Labor Unions Essay Research Paper Labor unions

Labor Unions Essay, Research Paper Labor unions are groups or clubs of workers and employees who bond together to get good working conditions, fair pay, and fair hours for their

Labor Unions Essay, Research Paper

Labor unions are groups or clubs of workers and employees who bond

together to get good working conditions, fair pay, and fair hours for their

labor. For example, in a newspaper, all the people who work the

presses might all belong to one union. All of the artists, who are

responsible for the artistic layout, might belong to another. These unions

are usually joined together, and most unions in America are some branch

of the largest labor union organization in the United States, the AFL-CIO.

The unions of the workers at a certain business or factory might get

together with the management for a period of time to talk about a

contract. This time is known as negotiation. The union will tell the

management what it wants its workers getting paid, and then the

management will tell the union what it can pay the workers and still be

earning a reasonable profit. They bargain and it usually works out. Most

businesses and corporations have eight-hour work days, with optional

extra hours. This is not usually a topic in negotiations, but could be.

Working conditions could be discussed. If workers in the factory have

no heat, no lunch breaks or they are not allowed to speak, (which was the

case in many sweatshops for immigrants and children in the 1920’s

through 1940’s), then the labor unions will obviously want something


These differences are usually settled fairly quickly, and a new

contract featuring these agreements will be realized . Most contracts are

in operation for about 3 to 5 years. Then, negotiations begin again. This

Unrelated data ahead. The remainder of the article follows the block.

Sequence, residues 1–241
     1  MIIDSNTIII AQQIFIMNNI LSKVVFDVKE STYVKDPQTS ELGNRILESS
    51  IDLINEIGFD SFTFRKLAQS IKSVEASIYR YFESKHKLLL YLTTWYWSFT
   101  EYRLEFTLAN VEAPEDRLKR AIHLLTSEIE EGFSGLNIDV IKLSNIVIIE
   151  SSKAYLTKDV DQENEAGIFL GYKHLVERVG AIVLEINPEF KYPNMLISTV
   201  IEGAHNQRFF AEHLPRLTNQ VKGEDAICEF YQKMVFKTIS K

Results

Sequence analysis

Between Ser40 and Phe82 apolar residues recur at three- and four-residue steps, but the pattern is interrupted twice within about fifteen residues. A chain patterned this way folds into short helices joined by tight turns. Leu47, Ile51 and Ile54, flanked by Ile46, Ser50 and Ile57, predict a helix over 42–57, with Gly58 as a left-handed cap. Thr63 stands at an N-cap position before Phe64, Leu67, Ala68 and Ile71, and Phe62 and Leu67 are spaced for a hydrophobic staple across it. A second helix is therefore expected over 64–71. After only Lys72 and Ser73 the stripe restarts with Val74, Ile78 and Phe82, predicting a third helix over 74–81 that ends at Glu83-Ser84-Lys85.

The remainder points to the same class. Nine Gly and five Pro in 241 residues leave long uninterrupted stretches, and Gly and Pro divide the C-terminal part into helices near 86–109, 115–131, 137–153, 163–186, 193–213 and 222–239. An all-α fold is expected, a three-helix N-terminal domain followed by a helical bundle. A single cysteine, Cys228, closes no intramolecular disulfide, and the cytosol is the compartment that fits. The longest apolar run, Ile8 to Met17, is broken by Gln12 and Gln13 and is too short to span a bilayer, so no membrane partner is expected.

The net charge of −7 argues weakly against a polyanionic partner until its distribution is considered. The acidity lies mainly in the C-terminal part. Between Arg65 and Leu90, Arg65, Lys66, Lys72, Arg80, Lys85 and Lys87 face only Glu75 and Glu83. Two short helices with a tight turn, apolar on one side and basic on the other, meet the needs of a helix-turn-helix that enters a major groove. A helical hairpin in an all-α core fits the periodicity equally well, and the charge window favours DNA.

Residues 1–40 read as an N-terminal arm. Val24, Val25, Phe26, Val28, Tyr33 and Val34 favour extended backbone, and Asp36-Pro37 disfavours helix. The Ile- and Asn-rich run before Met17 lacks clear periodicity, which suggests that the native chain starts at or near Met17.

is how labor-management relations go in a perfect world.

But, obviously, this is not always the case. Sometimes the unions

want unrealistic wages. They might stress extreme luxuries that the

company cannot provide for working conditions. Or the management

may be stubborn and unwilling to give up a large percentage of the profit

in a good year. Or maybe both sides are seemingly in the right and an

agreement can not be met. Whatever the case maybe, after the set

negotiation has been passed, and a contract has not been created, then the

union will go to the workers tell them the situation, and they will vote in

a strike.

The unions purpose in the strike is to stop the company or factory

from caring out their purpose of existence. If they are supposed to

deliver packages, blockades will be set up in most cases to stop this.

The union must succeed not only in this, but in preventing replacement

workers, known as scabs, from doing their jobs. If the new workers can

do the jobs and the company can perform its job, then all the union

members did by striking is quit their jobs and lose benefits. They have to

let the company feel their loss and force them to let them back and meet

their demands. In a striking situation, one of three basic things happens:

the union wins by preventing the company from overstating, they get their

jobs back and their demands are met; the management wins, the strike

fails, and the workers are unemployed; or the strike seemingly goes on

forever, a stalemate of a kind, and, hopefully, one side will just give in.

One of the methods that unions use to protest when on strike is

picketing, which is carrying around signs stating either your cause, what

your doing out there pacing on the sidewalk, or the union division you

belong to. Many strikes have become violent over history, whereas some